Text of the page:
Although I like to keep horses in a natural environment whenever possible, there are times when they need a cosy home and that’s why I have a lovely block of stables. If they’re ill or the weather is atrocious, the horses appreciate having a dry building to call home. So we had a company that specialises in property renovation visit and convert our old barn into individual stables and a large open space.
The builders were quite surprised to be awarded this contract because they usually work on old houses, so this presented a unique challenge. First they drew up plans to convert the large space in the most efficient manner, then they set about dividing it into a large open-barn area at one end and individual stables at the other. The stables resemble an American Barn and are much more comfortable to work in than an open yard!
I suppose this is more-or-less the opposite of open-plan conversion – which is one of the things these guys do on a regular basis. They take a house with small rooms and knock down many of the internal walls to create a large, airy and functional space. Our barn started off with a large and airy space, albeit not particularly functional, and they turned it into smaller units to accommodate my precious animals. It was a different sort of challenge for these builders and they produced a fantastic results. I guess it made a change from house remodelling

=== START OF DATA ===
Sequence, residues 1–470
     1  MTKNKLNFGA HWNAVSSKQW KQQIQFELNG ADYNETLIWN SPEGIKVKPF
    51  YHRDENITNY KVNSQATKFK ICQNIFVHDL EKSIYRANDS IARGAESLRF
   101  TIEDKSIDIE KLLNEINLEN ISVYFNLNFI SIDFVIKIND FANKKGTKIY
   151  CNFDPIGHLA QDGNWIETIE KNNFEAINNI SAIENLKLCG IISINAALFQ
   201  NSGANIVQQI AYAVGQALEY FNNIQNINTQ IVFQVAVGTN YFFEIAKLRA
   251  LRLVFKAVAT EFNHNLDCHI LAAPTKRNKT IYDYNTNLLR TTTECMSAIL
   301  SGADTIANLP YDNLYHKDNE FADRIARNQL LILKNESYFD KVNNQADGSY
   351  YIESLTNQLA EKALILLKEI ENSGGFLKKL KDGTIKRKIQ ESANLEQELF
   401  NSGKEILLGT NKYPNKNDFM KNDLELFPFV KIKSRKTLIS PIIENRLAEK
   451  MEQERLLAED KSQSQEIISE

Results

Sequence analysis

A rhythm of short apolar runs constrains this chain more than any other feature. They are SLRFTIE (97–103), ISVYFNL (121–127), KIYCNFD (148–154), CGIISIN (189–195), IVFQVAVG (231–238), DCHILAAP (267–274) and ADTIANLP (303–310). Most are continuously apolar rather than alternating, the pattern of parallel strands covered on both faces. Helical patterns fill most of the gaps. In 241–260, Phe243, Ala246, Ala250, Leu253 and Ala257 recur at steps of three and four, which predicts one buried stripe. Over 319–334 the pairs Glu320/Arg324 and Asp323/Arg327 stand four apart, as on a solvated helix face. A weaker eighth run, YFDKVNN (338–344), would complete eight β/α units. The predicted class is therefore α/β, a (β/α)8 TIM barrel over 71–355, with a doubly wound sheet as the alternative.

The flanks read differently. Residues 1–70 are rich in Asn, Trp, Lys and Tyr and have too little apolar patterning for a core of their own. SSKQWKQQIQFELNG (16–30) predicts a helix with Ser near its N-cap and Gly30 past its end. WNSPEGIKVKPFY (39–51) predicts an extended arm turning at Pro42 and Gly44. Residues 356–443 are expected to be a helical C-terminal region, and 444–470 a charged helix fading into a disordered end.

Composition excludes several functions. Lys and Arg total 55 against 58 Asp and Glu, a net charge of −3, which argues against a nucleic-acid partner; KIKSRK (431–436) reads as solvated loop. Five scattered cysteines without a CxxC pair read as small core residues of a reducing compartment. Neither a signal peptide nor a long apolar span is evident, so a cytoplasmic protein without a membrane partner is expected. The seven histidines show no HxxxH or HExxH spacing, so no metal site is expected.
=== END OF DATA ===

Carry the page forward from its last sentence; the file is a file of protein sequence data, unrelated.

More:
Once you have the right type of building to house your horse, you need something to make it comfortable for standing and lying down. I use the new type of rubber mats that are soft to walk on. They’re much lighter than the more traditional mats so easier to move around, though they do tend to stretch so you may have to take them up again and trim. I believe the best type of flooring would be rubber floor made to fit the stable and fitted around the edge, but these are hideously expensive so unfortunately the budget doesn’t stretch!
On top of the matting I use miscanthus grass as bedding. You don’t need much and it’s very absorbent. I spread thinly and it soaks up the urine so you can remove a minimum of the grass. Miscanthus is a giant grass they often grow for biofuel. I’ve seen fields of it in Wales. They chop it into small lengths for bedding and it isn’t palatable to horses so won’t be eaten. I also like straw but find it too heavy and hard work to muck out, although I do like the fact that horses can top up on it if they want something to eat in the night.
Ultimately it’s down to personal preference which type of bedding you use – just make sure it’s comfortable enough for your horses to lie down if they wish.